Senate leaders reach deal to pass Obama’s trade bills

The U.S. Capitol Building. (Reuters/Larry Downing)
A day after Democrats stalled President Barack Obama’s trade agenda, Senate leaders reached a deal to vote on two controversial bills before moving to a wide-open debate on granting the White House “fast-track” authority to negotiate future trade deals.

The US Senate will vote Thursday on a customs and enforcement bill that would require a response to countries that intentionally keep the value of their currency low. Another measure would expand trade with sub-Saharan Africa by allowing countries there to sell goods in the US duty-free. Both bills require 60 votes to pass.

READ MORE: Senate votes against fast-tracking TPP

Senate Majority Leader Mitch McConnell (R-Ky.) told reporters the deal will allow “senators the opportunity to take votes on the customs and preference bill in a way that will not imperil the increased American exports and American trade jobs that we need.

Once the Senate has voted on the two bill, Democrats have agreed to a debate a package that includes the Trade Promotion Authority (TPA) and the Trade Adjustment Assistance (TAA) bills. Both of these are desired by the Obama administration in order to finish a massive trade deal with 12 Pacific Rim countries and another with Europe.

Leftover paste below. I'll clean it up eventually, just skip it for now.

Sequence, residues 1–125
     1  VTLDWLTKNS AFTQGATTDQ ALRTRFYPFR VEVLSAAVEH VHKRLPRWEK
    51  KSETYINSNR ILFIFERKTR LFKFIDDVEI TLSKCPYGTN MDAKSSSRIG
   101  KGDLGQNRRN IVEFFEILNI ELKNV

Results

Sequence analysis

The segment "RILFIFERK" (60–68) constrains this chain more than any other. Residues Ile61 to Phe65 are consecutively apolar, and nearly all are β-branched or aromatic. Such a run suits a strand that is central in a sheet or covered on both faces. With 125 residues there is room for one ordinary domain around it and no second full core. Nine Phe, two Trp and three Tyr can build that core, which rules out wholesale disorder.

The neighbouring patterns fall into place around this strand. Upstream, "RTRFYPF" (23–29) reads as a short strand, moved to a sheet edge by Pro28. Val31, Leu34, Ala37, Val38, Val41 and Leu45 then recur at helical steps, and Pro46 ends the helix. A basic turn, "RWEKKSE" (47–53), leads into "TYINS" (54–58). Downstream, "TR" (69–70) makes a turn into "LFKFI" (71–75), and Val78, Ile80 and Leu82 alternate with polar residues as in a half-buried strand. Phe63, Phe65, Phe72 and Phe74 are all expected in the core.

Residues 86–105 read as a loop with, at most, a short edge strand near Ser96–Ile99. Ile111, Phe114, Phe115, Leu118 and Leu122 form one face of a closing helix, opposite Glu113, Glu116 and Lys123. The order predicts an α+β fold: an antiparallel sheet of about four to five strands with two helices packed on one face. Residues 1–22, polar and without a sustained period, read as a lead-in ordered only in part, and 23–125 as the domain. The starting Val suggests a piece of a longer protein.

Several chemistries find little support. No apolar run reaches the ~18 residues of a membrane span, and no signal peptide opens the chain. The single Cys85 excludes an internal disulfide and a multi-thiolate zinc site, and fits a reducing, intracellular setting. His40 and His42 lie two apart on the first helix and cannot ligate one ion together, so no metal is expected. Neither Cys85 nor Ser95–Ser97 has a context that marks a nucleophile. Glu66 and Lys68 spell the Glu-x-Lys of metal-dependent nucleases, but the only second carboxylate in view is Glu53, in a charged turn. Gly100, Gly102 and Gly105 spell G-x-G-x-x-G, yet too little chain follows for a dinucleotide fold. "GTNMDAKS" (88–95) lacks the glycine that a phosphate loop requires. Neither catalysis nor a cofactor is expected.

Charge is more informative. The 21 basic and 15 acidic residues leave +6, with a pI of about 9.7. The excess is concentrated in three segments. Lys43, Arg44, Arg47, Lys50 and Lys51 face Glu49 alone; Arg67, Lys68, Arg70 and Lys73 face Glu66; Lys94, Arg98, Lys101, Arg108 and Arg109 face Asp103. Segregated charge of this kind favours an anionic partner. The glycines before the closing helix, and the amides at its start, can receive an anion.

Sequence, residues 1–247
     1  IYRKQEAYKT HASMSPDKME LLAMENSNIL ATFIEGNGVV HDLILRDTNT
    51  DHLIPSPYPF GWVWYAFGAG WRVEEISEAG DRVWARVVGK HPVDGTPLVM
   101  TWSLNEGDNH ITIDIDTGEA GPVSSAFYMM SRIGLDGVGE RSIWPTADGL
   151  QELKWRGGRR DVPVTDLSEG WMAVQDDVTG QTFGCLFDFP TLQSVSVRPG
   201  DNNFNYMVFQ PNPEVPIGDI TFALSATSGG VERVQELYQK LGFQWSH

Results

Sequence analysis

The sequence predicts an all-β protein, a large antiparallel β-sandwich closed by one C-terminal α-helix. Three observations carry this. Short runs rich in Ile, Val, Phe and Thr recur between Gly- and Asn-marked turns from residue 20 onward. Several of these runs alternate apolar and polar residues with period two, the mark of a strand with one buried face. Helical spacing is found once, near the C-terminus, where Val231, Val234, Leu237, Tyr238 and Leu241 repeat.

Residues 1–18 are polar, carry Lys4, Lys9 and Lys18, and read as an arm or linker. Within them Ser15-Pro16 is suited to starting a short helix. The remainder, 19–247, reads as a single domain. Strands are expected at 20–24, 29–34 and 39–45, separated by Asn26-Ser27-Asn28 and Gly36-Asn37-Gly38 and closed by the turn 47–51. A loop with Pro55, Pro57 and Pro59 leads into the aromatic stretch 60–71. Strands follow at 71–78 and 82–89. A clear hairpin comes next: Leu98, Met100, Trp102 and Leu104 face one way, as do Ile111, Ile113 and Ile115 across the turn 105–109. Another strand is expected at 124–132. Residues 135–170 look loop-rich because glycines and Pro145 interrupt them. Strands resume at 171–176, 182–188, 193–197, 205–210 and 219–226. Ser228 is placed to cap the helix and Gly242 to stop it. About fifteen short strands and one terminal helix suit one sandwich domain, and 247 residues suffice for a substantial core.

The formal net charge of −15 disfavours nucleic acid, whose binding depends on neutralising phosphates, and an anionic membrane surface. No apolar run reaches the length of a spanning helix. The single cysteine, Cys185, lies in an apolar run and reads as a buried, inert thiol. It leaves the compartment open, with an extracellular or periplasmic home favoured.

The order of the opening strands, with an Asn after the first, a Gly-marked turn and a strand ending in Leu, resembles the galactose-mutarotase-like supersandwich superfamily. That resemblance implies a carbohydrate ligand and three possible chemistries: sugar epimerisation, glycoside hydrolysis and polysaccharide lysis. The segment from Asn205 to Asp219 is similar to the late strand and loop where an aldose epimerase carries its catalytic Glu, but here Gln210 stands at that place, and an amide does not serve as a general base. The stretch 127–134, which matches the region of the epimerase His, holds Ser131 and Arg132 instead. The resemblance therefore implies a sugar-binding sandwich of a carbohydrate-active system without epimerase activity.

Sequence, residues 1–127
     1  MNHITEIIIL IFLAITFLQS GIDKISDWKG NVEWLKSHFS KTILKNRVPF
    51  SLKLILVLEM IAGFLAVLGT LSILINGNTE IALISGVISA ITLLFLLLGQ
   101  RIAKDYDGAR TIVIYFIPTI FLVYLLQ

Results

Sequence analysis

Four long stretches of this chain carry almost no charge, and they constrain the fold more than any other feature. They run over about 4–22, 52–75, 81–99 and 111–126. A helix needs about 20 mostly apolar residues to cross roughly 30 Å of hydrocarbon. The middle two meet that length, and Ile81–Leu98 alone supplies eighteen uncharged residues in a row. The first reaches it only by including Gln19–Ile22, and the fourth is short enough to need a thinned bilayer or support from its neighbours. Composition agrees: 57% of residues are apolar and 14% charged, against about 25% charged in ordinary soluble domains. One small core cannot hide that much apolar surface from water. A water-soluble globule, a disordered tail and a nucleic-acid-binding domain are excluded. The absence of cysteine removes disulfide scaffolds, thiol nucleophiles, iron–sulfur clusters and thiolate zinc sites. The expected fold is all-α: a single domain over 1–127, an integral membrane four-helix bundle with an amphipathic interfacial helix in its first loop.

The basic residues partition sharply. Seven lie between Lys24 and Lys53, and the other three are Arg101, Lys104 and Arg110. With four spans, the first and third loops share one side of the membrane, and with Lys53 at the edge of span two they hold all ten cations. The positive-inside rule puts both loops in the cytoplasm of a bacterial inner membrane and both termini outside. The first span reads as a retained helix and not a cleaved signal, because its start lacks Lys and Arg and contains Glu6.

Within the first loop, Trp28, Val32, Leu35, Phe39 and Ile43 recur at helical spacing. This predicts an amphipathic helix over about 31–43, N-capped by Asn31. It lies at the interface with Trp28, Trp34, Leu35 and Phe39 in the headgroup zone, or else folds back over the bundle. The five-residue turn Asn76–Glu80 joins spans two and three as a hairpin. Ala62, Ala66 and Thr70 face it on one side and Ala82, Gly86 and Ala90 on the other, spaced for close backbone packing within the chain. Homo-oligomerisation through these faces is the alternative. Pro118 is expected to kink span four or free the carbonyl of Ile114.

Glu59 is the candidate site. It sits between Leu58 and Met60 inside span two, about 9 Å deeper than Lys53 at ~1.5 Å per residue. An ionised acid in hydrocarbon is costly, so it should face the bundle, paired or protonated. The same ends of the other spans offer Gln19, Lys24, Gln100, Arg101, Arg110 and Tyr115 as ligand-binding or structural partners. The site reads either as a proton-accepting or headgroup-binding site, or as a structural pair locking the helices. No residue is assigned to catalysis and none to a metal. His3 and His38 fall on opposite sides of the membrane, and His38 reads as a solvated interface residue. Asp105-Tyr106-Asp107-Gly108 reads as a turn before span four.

Debate on these two bills would be subject to open amendment and will give senators an opportunity to vote on changes.

Earlier in the week, Senate Democratic leader Harry Reid (Nev.) had wanted to combine Obama’s fast-track authority, the currency and African trade bills into a single package, which his caucus supported. They voted to block the debate on Tuesday when it became clear they would not get the votes to do so.

"The announcement today will drive home the importance of the message that the pro-trade Democrats sent yesterday," said Sen. Ron Wyden (D-Ore.), who helped design the compromise after filibustering the deal on Tuesday, according to the Huffington Post. "That enforcement, enforcement of the trade laws is a prerequisite to a modern trade policy, a trade policy that sets aside once and for all the NAFTA playbook. Suffice it to say that was the message conveyed yesterday by pro-trade Democrats."

READ MORE: Unions, activists look to derail Trans-Pacific Partnership fast track

Public disclosures about the in-the-works agreement have been few and far between. In many instances, they have been provided by the anti-secrecy group WikiLeaks.

On Tuesday, Sen. Barbara Boxer (D-Calif.) raised concerns on the Senate floor over the Obama administration's lack of transparency with regards to what’s being discussed by trade deal participants.

Let me tell you what you have to do to read this agreement,” she said, according to the Intercept. “Follow this: you can only take a few of your staffers who happen to have a security clearance — because, God knows why, this is secure, this is classified. It has nothing to do with defense. It has nothing to do with going after ISIS.”

Supporters of the trade deal with Pacific nations, known as the Trans-Pacific Partnership, argue that it will help expand foreign markets to American businesses and boost the economy. Opponents, however, claim that it will cost Americans jobs and that it does not go far enough to protect human rights, the environment and the internet, among other things.